The HARVEST numbers are in and all indications are that Wisconsin’s deer hunters can expect another banner year in 2017. Here’s a look at harvest results from 2016 and how things are shaping up for Badger State hunters this season.
What’s not to like about Wisconsin deer hunting? Last year the combined hunter kill (gun, bow, crossbow, youth, muzzleloader and antlerless) totaled 310,374 whitetails. These are preliminary numbers for 2016 but these totals have held steady for over a decade, with a couple of banner years topping 400,000 deer in our state.
To put this in perspective, Wisconsin’s deer hunters annually tag nearly 75,000 more whitetails than are taken in New York, and more than 10 times the harvest of deer in the entire six-state New England region. That amounts to a lot of deer, no matter how you look at it.
Dr. James Kroll and Pat Hogan discuss the impact of wind on deer behavior.
(Via North American Whitetail)
According to Badger State deer experts, overall, our deer herd is stable or expanding statewide, which is great news for hunters going into the year’s hunting season. With plenty of deer available, room to roam and a forecast that’s as good as it gets, it certainly appears that Wisconsin’s deer hunting contingent can look forward to another productive season this fall.
To discover the whys and wherefores of Wisconsin’s wildly successful deer management program, we asked Kevin Wallenfang, the state’s top big game ecologist, to answer the burning questions every Badger State hunter has in mind.
Question: Where are we headed as far as deer management in Wisconsin?
Answer: “Wisconsin continues to be a leading state in both trophies and quantity, and hunters from every state and 26 counties hunted here in 2016,” Wallenfang said. “Wisconsin has led the Boone and Crockett and Pope and Young records for many years and continues to provide more entries than any other state.
“We are also near the top in hunter numbers (600,000 gun and 250,000 archery-crossbow hunters), deer harvested (318,000-plus annually) and buck harvest (156,000) and many other categories.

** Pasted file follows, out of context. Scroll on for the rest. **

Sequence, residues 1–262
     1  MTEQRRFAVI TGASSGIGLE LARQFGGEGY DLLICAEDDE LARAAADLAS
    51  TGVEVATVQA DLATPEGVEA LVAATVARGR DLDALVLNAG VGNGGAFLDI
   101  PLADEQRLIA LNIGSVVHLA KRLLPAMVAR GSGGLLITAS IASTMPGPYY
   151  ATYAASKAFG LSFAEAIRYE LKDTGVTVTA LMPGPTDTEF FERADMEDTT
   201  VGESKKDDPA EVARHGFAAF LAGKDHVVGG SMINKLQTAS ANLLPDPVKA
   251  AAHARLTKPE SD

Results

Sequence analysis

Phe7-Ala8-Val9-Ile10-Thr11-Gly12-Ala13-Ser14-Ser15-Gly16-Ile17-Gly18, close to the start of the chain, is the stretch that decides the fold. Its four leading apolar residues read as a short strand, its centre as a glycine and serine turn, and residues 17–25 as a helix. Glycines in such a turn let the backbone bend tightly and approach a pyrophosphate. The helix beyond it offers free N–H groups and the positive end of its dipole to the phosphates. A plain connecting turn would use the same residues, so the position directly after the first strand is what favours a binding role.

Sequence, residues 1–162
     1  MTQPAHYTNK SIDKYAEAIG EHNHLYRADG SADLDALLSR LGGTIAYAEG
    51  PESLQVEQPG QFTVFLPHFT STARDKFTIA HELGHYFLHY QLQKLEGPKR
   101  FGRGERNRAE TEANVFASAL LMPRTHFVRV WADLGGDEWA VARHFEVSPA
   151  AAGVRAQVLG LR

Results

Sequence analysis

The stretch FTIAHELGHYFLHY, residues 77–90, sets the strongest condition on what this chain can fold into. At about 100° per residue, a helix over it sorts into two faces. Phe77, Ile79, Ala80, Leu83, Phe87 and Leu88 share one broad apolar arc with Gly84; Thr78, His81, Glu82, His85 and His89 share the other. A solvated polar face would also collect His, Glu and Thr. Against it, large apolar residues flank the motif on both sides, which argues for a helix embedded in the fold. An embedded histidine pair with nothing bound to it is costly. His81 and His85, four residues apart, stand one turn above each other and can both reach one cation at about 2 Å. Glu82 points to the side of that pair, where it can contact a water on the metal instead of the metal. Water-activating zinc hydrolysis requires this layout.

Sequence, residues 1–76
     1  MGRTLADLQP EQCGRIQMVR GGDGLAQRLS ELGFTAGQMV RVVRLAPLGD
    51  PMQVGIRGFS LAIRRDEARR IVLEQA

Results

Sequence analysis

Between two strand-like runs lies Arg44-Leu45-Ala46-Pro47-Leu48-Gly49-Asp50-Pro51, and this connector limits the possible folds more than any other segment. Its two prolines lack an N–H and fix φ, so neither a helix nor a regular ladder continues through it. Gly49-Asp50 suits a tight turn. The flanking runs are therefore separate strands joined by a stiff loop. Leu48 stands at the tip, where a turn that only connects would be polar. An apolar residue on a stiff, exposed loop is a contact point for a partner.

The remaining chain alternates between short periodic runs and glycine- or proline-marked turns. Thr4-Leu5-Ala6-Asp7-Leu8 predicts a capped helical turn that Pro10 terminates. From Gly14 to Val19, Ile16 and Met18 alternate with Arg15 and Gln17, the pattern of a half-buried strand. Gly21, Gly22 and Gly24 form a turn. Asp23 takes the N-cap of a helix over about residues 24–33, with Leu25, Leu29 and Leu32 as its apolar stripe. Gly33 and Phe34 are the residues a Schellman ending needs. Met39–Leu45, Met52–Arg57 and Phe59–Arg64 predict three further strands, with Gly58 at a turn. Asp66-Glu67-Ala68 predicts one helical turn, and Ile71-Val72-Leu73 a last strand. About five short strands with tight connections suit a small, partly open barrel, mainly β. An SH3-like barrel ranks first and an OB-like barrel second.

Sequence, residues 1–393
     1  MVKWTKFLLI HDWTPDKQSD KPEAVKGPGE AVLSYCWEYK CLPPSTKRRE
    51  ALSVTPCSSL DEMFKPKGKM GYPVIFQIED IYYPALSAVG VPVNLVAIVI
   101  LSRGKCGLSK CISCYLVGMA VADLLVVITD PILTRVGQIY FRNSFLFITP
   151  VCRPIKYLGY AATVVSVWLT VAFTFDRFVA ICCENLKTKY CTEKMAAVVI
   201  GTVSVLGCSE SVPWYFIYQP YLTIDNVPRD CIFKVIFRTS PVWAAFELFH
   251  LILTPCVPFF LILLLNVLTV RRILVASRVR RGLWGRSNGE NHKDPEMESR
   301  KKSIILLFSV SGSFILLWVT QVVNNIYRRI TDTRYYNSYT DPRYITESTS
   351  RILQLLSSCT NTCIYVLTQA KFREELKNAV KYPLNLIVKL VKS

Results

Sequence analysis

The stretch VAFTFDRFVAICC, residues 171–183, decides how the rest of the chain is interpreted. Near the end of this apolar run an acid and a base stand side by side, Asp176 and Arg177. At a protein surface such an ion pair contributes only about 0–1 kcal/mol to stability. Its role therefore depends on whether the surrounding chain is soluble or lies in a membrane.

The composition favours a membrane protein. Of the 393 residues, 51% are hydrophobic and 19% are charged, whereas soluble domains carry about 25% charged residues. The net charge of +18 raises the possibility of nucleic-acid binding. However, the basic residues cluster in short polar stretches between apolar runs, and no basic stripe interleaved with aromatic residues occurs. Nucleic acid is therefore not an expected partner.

“Plus,” Wallenfang added, “There is plenty of public land open to hunting.
“Following two severe winters, we’ve had three of the mildest in history. That, combined with very conservative antlerless harvest in our northern counties, we are seeing an increase in deer numbers and overall harvests. Deer numbers are up in almost all areas. We expect 2017 to be an excellent year with increases in the total harvest and buck harvest.”
Q: Why does Marathon County produce so many deer each year?
A: “I can only say that Marathon County has great deer habitat, both farmland and big woods, but it is also one ofthe largest counties in the state so don’t look just at overall kill numbers,” Wallenfang noted.
“If you want to draw attention to the real hotspot, Waupaca County produces more bucks (about 7 per square mile) in the U.S.” Wallenfang said. “However, it’s almost primarily private land with limited access. However, all counties within the state’s farmland region produce excellent hunting and big deer.
Q: What was different or notable about last year’s deer hunt — for example the weather, new regulations, hunter success, and so forth?
A: “We experienced a very wet and warm fall which dampened both hunter effort and deer movements. Despite that, our overall harvest increased from 2015. We also experienced extremely high winds during the opening weekend of the gun deer season which also influenced hunter and deer activity.
“We have had major changes in our deer hunting regulations during the past few years, including new tagging material and methods, newly defined Deer Management Units, and electronic deer registration. Hunters are still getting used to those changes. There will be no major changes going into 2017.”
Q: What can hunters expect in 2017 as far as new regulations, bag limits, etc.?
A: “No major changes are in store for the coming season,” Wallenfang said. “Bag limits, overall, remain the same, although antlerless permit availability will vary across the state.”
Q: How is the deer population trending in the various regions of the state?